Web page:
Plano, Texas Strives to Be a ‘City of Excellence’ as it Manages Rapid Growth

PLANO, Texas — There are so many businesses in this bustling North Texas city that the municipal government gets more than half of its revenues from companies, allowing it to keep taxes low for residents. The median household income is $94,300, one and a half times the state average. Plano hosts 210,000 jobs, according to officials — one for every adult in this city. It has received national plaudits for its parks, and repeatedly is honored for its affordability and livability.

The “City of Excellence,” as Plano bills itself, is not just lucky, officials say. The city’s success is all about very careful planning — decisions to manage the city’s tremendous growth in a way that promotes economic development while keeping a sense of community. And it’s a model, Planophiles say, which other growing cities can adopt to achieve a sort of civic work-life balance.

“We have a unique value of being a very strong business community that also has a very strong small town, community focus,” says Shannah Hayley, Plano’s director of marketing and community engagement. “It’s a weird mishmash.”

Plano, which started as a cotton-industry community in the 19th century, saw its population double in the 1960s, reaching 3,000, and then continue to increase with the growth of Dallas to the south. Now, as home to corporate offices of such marquee companies as Frito-Lay, Toyota, Pizza Hut and NTT Data, Plano has become the 69th biggest city in the nation — and the ninth largest in Texas, with a population of 286,000. The Dallas-Plano-Irving area was named by Forbes this year as the third fastest-growing metropolis in America. No longer a bedroom community for Dallas and Ft. Worth, Plano has become a destination in its own right.

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The city has more restaurants per capita than San Francisco, city officials say proudly, and chain eateries are being replaced by chef-driven establishments offering eclectic and international fare, like the Indian-Mexican fusion burritos found on one menu in town. The mix reflects the city’s diversity: 1 in 4 residents is foreign-born, an increase of 30 percent in the immigrant population between 2007 and 2017, says Christina Day, Plano’s director of planning. Among ethnic minorities, Asians are nearly a fifth of Plano’s population, followed by Hispanics, who make up 15 percent.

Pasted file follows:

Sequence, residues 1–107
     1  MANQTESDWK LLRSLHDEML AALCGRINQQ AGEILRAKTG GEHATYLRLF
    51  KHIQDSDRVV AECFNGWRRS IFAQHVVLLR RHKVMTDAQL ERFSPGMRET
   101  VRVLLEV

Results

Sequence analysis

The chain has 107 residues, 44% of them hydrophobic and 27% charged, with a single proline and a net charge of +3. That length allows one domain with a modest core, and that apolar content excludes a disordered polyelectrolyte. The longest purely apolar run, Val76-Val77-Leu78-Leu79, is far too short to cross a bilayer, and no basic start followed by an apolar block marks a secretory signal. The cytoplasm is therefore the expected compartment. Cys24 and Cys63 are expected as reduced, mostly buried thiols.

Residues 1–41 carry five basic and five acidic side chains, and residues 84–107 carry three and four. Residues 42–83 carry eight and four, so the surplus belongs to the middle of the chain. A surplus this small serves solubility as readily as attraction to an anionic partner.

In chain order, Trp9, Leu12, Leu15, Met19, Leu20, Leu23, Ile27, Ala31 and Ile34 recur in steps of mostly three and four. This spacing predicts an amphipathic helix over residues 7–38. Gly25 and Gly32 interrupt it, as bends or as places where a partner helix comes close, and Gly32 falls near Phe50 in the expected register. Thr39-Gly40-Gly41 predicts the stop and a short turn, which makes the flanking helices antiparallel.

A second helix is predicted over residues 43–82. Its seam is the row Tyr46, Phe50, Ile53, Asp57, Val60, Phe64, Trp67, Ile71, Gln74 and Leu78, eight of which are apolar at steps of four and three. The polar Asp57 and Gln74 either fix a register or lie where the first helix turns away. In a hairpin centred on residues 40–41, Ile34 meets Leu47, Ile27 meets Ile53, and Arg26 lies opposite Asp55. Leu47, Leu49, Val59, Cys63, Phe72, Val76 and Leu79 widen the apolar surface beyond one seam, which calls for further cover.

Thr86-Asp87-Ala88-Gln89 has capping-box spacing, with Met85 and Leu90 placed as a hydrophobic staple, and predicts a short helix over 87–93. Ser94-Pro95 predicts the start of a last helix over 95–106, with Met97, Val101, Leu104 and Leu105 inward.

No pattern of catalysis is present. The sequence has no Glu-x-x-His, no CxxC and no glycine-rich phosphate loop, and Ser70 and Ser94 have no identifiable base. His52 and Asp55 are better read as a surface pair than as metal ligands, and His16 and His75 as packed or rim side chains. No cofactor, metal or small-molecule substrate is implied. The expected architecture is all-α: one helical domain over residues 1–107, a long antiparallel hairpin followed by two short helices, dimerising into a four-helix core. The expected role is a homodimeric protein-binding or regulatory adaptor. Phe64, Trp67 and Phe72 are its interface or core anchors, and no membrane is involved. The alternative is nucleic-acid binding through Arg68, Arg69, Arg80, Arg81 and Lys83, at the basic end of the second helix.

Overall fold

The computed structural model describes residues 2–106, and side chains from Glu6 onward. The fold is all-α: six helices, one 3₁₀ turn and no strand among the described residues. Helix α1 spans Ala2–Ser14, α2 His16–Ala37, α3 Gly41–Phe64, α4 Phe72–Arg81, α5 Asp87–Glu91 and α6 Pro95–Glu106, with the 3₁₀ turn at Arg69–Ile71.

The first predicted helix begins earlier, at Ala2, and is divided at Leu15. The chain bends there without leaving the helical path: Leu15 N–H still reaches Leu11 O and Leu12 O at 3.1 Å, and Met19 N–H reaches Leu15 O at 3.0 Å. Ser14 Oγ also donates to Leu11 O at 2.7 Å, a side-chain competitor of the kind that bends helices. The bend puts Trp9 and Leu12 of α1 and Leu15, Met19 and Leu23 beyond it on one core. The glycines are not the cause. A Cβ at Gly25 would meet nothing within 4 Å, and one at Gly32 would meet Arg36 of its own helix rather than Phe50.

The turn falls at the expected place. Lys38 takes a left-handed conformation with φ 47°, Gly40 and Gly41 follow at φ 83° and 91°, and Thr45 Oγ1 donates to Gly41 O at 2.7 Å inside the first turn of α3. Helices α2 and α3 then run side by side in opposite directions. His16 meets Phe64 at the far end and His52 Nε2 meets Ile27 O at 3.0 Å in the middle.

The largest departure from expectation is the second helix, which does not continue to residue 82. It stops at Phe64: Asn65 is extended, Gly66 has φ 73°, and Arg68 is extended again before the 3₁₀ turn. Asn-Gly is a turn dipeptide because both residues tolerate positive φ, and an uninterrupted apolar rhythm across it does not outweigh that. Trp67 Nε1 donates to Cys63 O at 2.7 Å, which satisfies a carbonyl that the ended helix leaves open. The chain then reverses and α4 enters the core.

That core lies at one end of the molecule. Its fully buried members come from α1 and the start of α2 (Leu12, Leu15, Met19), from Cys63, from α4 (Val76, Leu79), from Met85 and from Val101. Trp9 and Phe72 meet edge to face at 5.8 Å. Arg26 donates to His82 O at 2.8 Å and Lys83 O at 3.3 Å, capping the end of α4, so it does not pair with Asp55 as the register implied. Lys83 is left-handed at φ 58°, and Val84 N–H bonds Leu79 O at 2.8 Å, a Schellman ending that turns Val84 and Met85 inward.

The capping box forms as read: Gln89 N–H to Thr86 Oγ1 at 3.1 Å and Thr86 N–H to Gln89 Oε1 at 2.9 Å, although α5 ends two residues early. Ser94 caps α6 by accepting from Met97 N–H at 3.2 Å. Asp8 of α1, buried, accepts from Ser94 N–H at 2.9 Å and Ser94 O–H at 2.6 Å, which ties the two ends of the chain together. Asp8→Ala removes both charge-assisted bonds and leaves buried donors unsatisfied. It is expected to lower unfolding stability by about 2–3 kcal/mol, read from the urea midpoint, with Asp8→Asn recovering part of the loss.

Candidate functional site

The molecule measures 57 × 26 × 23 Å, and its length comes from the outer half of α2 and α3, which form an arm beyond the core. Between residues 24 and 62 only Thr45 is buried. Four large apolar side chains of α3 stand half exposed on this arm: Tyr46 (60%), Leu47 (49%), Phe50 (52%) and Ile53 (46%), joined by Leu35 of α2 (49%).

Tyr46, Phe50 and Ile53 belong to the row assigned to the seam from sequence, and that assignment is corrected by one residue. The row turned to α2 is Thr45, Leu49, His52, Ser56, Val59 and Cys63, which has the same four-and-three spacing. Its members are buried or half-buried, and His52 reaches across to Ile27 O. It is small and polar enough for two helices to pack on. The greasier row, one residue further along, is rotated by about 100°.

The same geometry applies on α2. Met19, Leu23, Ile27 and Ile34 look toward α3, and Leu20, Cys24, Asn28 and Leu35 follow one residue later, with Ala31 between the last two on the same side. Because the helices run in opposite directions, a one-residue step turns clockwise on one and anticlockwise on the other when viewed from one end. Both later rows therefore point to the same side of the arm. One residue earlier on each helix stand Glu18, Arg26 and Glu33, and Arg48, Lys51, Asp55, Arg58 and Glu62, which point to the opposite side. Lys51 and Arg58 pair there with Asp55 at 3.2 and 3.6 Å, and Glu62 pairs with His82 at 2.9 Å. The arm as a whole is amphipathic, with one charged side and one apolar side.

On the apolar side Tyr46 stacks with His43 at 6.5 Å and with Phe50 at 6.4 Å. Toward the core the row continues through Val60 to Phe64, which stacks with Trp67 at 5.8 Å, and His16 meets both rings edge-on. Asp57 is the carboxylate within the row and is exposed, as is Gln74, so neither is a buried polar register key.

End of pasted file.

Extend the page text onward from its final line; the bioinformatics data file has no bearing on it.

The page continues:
Plano is big on services for locals. No resident is more than 10 minutes from a park, officials say. The Dallas Area Rapid Transit, or DART, train stops in Plano, easing commutes for those who travel in to and out of Plano for work each day. The fire department will visit residents’ homes, for free, to change smoke detector batteries and to do fire safety audits. The police department does the same, evaluating homes to see if locks are secure and other safety measures are in place to ward off intruders. It appears to be working: Outlets such as WalletHub, SmartAsset and Niche have ranked Plano as among the safest cities in the nation.

Plano also gets plaudits for its green initiatives. In 2017, WalletHub named Plano as one of the top 100 greenest cities in America, while SmartAsset called it one of the best cities for green jobs. Got extra paint from a home improvement project? Plano collects it, mixes it and offers it, for free, to nonprofits so they can renovate their facilities as well.